A New Approach to Digital Migration for Radio Broadcasters
A New Approach
The Synergy Concept
Workflow in the Synergy Station
Multi-Studio Multi-Network Stations
Audio Router Control System
Specifying an Integrated Digital Broadcast System
Broadcasting organisations wishing to migrate from their existing analog to digital technology face a major challenge, not only in terms of getting to grips with the technology itself, but with the changes in workflow and working practices which are associated with its deployment.
This affects almost everyone in the organisation – from producers and presenters to systems engineers and maintenance staff, from sales staff to accountants.
Users of analog equipment will be very familiar with the portable nature of media – tapes, CDs, discs, cassettes, hard-drives etc, all of which are very tangible.
The centralised storage of content, which is at the heart of most digital systems, virtually eliminates the need for removable media, and discrete -media equipment such as CD players are typically only used occasionally and for back-up purposes.
Program running orders are available on-screen, as is access to audio content and scripts, and phone-in caller information can also be screen-based. The paperless studio is here.
This contrasts with traditional methods, where presenters, producers and assistants went into the studio laden with media, scripts, running orders and stop-watches, manually crossing off items as they were played, constantly back-timing to the program end.
A significant knock-on effect is that program producers and presenters need to rethink the way in which they work and adapt to make the most of the (many) benefits which this new technology offers; but as we all know, not everyone embraces change to the same degree.
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An obvious example of this is the ease in which programming may be automated, removing the need for staff to be in attendance, or the use of computer programs to control music selection and rotation with almost military precision.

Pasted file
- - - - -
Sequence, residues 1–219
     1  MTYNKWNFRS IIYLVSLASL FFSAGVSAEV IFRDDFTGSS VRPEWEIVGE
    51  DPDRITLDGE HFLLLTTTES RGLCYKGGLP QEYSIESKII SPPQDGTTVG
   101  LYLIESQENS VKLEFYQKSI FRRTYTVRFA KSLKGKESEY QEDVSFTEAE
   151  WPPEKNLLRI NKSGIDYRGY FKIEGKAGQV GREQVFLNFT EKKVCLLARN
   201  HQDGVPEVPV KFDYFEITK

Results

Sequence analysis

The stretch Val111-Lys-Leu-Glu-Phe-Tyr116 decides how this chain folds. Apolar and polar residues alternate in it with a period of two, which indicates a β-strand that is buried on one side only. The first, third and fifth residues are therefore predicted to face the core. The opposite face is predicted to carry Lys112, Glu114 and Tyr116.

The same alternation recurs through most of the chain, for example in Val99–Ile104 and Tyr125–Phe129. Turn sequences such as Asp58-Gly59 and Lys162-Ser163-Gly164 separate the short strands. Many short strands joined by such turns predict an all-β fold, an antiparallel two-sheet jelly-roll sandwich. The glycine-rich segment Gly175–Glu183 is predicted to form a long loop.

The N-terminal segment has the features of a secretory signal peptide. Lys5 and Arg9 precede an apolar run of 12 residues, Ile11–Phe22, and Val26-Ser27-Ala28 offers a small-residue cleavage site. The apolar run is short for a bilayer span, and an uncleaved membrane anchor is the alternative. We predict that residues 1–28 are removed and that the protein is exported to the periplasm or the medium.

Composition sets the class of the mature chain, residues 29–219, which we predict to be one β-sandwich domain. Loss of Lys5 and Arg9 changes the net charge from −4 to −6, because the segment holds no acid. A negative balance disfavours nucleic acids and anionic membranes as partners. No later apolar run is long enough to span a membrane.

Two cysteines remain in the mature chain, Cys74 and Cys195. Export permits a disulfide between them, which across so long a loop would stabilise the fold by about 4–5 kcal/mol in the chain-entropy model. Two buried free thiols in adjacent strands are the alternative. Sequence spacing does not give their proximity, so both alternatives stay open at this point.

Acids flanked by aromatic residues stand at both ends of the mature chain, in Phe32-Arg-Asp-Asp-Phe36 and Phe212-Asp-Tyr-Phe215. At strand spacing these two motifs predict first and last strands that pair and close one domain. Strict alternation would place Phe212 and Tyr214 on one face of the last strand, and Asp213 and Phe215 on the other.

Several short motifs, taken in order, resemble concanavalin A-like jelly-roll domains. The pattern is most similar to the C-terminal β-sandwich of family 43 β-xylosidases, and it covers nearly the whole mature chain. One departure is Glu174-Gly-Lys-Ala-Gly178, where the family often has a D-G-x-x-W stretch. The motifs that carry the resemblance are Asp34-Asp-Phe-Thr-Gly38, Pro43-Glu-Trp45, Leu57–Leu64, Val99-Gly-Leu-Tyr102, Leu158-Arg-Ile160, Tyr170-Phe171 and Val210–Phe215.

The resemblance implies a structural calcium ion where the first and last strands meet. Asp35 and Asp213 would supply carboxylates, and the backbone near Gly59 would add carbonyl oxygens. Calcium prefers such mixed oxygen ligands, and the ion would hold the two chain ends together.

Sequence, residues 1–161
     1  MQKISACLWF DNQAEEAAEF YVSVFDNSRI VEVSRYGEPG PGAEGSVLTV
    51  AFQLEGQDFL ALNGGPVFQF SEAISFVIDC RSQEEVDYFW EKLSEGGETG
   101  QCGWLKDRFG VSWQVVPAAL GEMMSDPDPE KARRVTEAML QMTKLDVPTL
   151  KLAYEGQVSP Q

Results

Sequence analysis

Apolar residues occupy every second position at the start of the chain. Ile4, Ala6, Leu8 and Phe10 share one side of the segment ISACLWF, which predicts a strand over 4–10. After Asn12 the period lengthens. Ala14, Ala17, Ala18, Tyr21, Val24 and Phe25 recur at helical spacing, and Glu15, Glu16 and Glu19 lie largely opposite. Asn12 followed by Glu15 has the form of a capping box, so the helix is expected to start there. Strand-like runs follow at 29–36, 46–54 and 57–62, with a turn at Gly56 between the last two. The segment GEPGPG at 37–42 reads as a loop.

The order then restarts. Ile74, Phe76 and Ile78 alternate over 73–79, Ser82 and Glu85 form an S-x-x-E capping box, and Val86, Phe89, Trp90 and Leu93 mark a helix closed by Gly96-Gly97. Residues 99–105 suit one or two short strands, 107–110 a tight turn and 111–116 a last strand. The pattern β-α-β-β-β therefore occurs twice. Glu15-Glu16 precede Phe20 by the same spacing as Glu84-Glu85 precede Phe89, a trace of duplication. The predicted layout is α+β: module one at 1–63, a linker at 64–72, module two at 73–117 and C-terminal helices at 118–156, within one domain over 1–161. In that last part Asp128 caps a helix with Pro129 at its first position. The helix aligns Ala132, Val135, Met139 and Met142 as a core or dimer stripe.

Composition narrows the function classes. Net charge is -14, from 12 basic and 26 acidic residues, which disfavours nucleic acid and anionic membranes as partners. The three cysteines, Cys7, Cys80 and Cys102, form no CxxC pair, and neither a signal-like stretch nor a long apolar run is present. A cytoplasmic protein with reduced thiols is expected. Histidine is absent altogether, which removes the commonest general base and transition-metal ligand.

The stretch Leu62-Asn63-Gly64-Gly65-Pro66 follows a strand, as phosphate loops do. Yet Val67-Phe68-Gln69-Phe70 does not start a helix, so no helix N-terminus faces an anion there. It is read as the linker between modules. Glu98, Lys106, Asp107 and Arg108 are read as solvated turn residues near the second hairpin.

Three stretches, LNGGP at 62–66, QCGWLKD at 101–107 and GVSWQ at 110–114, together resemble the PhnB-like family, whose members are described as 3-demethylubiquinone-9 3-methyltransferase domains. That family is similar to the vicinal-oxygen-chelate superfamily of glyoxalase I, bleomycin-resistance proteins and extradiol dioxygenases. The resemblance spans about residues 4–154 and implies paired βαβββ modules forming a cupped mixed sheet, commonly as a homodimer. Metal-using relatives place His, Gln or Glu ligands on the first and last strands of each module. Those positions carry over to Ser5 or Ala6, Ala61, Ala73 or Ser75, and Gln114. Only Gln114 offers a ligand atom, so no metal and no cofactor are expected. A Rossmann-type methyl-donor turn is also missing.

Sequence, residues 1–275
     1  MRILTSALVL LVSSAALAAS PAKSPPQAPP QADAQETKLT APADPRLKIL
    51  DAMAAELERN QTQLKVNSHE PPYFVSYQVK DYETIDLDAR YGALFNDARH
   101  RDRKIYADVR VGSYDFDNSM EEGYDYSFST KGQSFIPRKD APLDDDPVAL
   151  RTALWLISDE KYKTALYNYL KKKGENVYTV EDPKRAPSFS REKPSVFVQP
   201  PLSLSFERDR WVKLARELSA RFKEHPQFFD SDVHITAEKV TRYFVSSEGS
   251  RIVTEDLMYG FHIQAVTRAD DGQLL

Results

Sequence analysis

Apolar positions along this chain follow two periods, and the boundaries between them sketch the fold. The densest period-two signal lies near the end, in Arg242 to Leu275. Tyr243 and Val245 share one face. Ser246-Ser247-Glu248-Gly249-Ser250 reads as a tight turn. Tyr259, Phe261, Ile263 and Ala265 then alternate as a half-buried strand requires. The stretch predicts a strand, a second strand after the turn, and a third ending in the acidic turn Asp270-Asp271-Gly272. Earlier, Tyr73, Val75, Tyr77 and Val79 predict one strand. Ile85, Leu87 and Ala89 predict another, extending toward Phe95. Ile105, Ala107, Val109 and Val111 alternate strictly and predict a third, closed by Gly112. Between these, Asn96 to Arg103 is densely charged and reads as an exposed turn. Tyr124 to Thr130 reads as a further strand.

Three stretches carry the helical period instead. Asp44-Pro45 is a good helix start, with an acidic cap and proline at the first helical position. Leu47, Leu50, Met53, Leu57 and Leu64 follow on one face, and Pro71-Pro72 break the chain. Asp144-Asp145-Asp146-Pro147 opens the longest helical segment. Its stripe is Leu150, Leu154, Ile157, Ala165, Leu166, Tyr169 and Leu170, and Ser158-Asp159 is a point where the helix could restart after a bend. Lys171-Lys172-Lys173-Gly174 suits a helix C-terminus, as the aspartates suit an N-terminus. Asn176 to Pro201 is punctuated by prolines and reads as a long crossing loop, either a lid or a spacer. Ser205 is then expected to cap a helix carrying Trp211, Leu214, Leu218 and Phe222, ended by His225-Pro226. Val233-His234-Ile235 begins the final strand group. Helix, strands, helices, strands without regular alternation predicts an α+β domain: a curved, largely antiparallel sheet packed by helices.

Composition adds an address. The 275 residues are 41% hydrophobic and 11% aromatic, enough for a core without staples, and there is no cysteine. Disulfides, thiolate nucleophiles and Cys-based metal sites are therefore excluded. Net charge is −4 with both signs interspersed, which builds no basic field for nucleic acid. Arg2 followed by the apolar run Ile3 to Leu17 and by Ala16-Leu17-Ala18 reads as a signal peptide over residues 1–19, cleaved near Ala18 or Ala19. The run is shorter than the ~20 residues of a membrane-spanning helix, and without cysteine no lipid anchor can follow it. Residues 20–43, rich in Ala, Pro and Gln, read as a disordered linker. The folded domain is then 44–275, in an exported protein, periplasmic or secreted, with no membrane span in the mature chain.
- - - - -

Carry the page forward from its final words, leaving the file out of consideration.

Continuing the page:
From a technology perspective, traditional analog engineering skills and knowledge need to be replaced with IT expertise and an understanding of digital audio techniques. PCs and servers dominate central technical areas, and studios themselves look more like PC equipment show-rooms than traditional broadcast facilities.
The systems engineer is faced with the integration of several highly specialised hardware AND software based ‘mini-systems’, many of which represent tens of man-years of development and almost by definition are expert systems.
Making these systems communicate with each other, to offer a seamless integration, is typically very time-consuming and can be very frustrating, as it is so easy for individual suppliers to argue that ‘our software is working properly, it must be X,Y, Z….’ and the buck gets passed from vendor to vendor, with the poor old engineer at the mercy of anyone who may take responsibility for the overall system….
To illustrate this, a typical digital radio station could have the following components, from a wide cross section of suppliers:
Music scheduling software Traffic/billing software Playout/automation software Record/editing software News acquisition/capture software Call-screening/phone-in software Text editing/scripting software Logging software Streaming software Mixer control/set-up software Router control software
Broadcast mixers Production mixers Router Broadcast phone-in system CD Players, recorders et al Clock system Profanity Delay Alarms and indicator systems Talkback system Processing equipment Power distribution and management
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The list is not endless, but it is long. Even in the most basic of stations, there is plenty to go wrong, plenty of potential for ‘wrong driver’ issues, incompatibility between software versions, hardware compatibility problems and inter-equipment communication mis-matches.
The big issue is ‘who takes overall responsibility for the system’ – when there are so many unique and individual sub-systems.
There is far more to the migration than simply swapping pieces of analog equipment with digital equivalents – at least if the full benefits of an integrated digital system are to be realised.
And finally, the maintenance engineer is faced with a whole new challenge; there are no more tape machines to align, in fact, very little by way of mechanical maintenance – the majority of issues will be related to software and integration. Traditional maintenance tools – oscilloscope and multi-meter – have very little place in modern maintenance workshops, what is required is a thorough understanding of networks, operating systems, PC architecture, digital audio and comms systems.
The challenge is not just about swapping analog for digital equipment, but in ensuring that your organisation is aware of the implications which the change will impose, and are as prepared as they possibly can be to operate, support and maintain the new ways of working.
Simply replacing analog equipment with its digital equivalent is missing the point – digital technology offers so much more and there are enormous benefits to be had from a successful migration.
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Technical facilities are required to allow the acquisition, editing, production and scheduling of prerecorded
material, and to integrate live content, originating from both within and external to the
station, both for ‘live assist’ and automated broadcasts.